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Old Weapon for New Enemy: Drug Repurposing for Treatment of Newly Emerging Viral Diseases

Emerging and re-emerging viral diseases are a public health concern for the whole world and pose a major threat to human health and life. In last decades, numerous major outbreaks of emerging and re-emerging viral diseases with gross public concern were recorded in different regions, including Ebola in western Africa, Zika in South America, H7N9 in China and many Asian countries, and H1N1 influenza worldwide. In particular, coronaviruses were once regarded as the ones that just cause mild symptoms like common cold, but three new types of coronaviruses, which emerged in the 21st century, can cause severe diseases with high fatality and morbidity. Severe acute respiratory syndrome (SARS) coronavirus (SARS-CoV) emerged in November 2002 in Guangdong, China and caused globally 8098 human infections with 774 deaths (9.6%), and the Middle East respiratory syndrome (MERS) coronavirus (MERS-CoV) emerged in 2012 in Saudi Arabia and caused 2494 infections with 858 associated deaths (34.4%) as of November 2019 (WHO 2020a, b).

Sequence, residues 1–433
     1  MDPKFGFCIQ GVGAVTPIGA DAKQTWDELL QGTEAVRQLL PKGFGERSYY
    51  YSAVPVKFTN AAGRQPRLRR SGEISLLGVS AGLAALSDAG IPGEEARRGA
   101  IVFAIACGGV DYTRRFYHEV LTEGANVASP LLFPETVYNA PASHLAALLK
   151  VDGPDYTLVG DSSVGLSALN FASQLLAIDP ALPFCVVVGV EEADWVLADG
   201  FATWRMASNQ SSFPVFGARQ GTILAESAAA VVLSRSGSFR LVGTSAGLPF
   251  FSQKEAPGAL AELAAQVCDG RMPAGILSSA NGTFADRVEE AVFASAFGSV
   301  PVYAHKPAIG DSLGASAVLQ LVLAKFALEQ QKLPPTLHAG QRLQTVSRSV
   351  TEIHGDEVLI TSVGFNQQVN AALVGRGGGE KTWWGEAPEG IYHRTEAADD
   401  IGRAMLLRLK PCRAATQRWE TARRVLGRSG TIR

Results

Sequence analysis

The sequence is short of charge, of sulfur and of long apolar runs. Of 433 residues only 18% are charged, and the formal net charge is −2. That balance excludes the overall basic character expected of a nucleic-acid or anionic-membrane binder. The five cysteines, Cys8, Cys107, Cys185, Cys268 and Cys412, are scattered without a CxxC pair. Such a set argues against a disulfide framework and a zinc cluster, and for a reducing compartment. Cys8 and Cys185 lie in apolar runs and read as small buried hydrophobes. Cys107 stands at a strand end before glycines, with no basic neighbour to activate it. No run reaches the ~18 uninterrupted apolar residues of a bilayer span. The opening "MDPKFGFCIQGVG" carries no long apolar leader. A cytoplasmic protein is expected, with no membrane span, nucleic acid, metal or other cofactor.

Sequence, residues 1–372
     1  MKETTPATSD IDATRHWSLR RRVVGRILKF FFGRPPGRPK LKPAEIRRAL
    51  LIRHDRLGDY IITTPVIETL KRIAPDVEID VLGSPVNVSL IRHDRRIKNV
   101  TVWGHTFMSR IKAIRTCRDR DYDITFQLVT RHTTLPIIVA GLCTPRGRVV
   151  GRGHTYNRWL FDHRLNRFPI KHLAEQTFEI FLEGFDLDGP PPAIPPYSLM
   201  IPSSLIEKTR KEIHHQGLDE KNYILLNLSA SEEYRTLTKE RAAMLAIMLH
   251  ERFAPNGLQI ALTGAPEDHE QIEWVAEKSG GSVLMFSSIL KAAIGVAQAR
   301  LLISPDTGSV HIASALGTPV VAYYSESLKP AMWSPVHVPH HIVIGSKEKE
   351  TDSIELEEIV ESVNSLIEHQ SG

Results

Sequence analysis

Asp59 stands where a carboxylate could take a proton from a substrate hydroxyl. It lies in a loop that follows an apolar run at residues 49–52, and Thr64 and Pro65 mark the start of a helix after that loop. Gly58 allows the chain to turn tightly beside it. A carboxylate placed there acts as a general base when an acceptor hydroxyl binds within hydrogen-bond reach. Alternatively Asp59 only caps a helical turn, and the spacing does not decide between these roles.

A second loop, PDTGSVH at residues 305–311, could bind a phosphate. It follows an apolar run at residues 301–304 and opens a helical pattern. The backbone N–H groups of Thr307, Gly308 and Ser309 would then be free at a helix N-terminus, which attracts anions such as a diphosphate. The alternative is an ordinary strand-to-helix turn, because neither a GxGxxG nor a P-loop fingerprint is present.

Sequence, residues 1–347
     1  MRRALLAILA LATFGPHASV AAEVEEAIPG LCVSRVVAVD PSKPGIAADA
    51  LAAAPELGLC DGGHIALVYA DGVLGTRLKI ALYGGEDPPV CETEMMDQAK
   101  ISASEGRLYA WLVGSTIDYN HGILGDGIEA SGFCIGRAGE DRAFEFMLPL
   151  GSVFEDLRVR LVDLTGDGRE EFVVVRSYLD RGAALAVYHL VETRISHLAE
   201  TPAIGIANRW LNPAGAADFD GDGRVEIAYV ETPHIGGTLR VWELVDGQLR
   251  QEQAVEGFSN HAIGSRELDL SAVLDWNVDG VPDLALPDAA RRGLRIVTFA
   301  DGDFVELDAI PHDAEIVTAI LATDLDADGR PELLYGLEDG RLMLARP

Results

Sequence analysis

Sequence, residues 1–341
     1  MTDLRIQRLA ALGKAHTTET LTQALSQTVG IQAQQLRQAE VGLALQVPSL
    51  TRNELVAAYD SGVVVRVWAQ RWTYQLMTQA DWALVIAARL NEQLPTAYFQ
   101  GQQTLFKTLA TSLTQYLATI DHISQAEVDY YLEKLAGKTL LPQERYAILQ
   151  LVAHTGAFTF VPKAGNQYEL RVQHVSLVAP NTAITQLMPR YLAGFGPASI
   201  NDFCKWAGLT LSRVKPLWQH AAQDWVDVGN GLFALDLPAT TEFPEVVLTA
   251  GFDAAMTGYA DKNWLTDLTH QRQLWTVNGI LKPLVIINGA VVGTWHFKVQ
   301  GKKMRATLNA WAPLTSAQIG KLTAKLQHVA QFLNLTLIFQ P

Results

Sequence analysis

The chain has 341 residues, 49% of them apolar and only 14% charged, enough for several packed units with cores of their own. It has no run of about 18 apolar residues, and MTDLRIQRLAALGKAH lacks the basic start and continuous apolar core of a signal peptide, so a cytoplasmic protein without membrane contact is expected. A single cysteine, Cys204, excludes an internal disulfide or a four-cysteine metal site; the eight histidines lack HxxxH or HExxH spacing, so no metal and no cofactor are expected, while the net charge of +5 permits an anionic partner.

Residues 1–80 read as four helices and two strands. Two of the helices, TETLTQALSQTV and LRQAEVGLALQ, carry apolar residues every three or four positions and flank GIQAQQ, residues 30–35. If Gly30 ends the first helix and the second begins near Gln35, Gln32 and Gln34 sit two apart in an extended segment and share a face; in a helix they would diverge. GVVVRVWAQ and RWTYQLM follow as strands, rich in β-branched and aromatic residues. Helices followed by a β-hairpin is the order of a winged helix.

In December 2019, a dozen of patients with unusual pneumonia were hospitalized in Wuhan in central China, and the causative agent was identified as a new type of coronavirus (Zhu et al.2020; Huang et al.2020). The new virus was temporarily named as 2019 novel coronavirus (2019-nCoV) by the World Health Organization (WHO). As of January 29, 2020, 7736 confirmed cases of 2019-nCoV infection with 170 deaths were reported in China, and additional 77 cases in other 16 countries (National Health Commission of the People’s Republic of China 2020; WHO 2020c). Since the emerging viruses are previously unknown pathogens, there are no specific and effective drugs available. Therefore, there is an urgent need for antiviral treatment in fighting the emerging viral diseases. However, the development of antiviral drugs is time- and resource-consuming, and thus repurposing of existing drugs to treat emerging viral diseases represents one of efficient strategies for drug development.